Does your signature really matter?. The Credit Card Prank tests the theory of the illegible signature, including signing with stick figures, a grid, “Mariah Carey”…
Egregious, sacherine, truly amazingly awful Michael Jackson 9-11 benefit song finds its way online.. MP3 track available on JacksonDailyNews.net: “What More Can I Give”
Network Effects: Use of the Internet in the Chinese Rave Scene describes how Chinese music promoters and DJs are using the Internet to download & share music, read foreign music-related media, plan events, and generally share knowledge about their interests & craft, despite the Great Firewall of China:
I began to see a number of distinct effects of the rapid increase in Net usage on the nascent Chinese club scene: local DJs and producers were using the Internet to obtain new tools for producing and distributing their own music; websites were springing up to inform users about new developments in the Chinese scene and provide new opportunities for participants to communicate with one another; and music makers and clubbers alike were using the Net to learn about and obtain new music from both domestic and international artists.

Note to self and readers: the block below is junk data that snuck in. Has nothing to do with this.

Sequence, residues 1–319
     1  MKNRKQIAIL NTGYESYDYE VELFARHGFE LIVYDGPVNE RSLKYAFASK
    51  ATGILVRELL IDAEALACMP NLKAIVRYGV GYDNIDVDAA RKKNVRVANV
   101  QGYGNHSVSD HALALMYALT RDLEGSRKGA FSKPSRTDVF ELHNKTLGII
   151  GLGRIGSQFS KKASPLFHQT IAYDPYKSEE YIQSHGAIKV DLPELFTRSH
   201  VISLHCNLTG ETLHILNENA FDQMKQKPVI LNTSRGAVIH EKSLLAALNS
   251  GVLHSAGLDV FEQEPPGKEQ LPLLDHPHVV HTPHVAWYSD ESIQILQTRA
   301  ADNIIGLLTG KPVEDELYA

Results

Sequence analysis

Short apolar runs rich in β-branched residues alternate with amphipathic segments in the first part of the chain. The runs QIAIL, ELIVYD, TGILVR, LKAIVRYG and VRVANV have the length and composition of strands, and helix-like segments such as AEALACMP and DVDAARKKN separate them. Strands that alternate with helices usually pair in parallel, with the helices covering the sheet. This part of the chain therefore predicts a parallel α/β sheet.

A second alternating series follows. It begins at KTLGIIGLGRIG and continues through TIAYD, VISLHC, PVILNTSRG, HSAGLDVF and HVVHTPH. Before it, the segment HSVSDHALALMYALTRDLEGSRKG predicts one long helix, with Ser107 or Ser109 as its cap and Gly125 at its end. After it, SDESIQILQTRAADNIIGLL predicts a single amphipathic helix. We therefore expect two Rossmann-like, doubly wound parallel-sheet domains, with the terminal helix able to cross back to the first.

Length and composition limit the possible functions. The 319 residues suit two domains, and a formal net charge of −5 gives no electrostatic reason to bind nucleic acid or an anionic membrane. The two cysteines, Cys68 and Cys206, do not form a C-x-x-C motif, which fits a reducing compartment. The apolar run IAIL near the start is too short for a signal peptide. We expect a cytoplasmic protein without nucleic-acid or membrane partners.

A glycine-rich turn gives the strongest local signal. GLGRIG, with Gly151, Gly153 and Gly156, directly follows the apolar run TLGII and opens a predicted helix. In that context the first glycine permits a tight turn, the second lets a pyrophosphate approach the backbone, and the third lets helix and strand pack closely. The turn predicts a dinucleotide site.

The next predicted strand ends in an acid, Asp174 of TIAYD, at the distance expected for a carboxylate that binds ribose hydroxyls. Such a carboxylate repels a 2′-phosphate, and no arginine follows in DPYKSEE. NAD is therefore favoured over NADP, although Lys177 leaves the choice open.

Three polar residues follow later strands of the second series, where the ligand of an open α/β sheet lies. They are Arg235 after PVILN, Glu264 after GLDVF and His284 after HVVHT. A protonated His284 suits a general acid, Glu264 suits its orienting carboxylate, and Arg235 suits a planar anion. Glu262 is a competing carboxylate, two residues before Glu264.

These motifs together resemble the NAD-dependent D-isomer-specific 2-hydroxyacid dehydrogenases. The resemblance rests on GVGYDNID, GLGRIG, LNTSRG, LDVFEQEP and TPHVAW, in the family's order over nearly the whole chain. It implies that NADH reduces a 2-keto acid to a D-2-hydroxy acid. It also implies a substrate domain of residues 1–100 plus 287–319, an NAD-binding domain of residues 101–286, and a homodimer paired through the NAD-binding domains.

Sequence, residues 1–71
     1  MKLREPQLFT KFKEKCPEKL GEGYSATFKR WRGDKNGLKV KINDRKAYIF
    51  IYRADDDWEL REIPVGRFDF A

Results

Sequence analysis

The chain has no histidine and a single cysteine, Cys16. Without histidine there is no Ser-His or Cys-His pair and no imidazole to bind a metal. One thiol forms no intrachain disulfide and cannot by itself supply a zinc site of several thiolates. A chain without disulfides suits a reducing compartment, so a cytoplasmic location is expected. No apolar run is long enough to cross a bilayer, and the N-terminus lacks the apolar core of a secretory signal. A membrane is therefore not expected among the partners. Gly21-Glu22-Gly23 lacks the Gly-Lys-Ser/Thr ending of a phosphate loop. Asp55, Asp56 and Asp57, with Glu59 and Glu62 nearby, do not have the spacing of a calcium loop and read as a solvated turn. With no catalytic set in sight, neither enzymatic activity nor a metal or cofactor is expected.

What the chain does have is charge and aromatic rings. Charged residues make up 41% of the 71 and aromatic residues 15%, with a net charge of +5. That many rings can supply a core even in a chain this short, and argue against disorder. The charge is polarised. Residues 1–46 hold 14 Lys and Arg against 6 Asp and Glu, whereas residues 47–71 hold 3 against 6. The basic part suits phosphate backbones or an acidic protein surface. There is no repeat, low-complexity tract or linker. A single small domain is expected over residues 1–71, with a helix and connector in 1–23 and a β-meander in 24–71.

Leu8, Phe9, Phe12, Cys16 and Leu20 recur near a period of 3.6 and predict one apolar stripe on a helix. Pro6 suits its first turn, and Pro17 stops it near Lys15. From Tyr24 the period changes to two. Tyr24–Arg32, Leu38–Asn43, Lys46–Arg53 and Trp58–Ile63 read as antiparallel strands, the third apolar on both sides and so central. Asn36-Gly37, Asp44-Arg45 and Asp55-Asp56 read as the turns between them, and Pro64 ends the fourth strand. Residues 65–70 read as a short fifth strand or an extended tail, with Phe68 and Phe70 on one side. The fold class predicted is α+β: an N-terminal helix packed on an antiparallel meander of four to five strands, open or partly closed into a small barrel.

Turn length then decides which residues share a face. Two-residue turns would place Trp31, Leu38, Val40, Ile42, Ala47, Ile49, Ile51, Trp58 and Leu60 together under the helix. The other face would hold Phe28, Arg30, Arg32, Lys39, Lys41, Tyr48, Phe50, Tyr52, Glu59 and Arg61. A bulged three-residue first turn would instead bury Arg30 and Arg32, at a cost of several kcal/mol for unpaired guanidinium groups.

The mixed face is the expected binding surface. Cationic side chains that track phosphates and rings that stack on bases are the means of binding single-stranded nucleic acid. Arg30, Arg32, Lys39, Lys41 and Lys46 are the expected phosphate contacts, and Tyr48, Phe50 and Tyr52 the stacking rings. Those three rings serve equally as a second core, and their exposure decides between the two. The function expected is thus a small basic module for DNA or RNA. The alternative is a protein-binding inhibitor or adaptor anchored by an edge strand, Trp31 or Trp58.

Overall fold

Some Chinese DJs even use music downloaded from the Net in their live sets, making their own compilations of MP3 files of music from China and abroad and recording them on CDRs; I have observed DJs at some of the largest clubs in Shanghai and Guangzhou using these CDRs in the DJ booth. Among some in the Chinese underground hiphop scene, only tracks which have been downloaded are considered truly “underground” and thus valuable, while any music which is available for purchase in physical form is seen as being tainted by commerciality to some degree.
When I was in Beijing in 1996, I observed several people handing out club flyers around hotels and in the more hip/affluent parts of the city. They were particularly keen about giving flyers to anyone who looked like a tourist.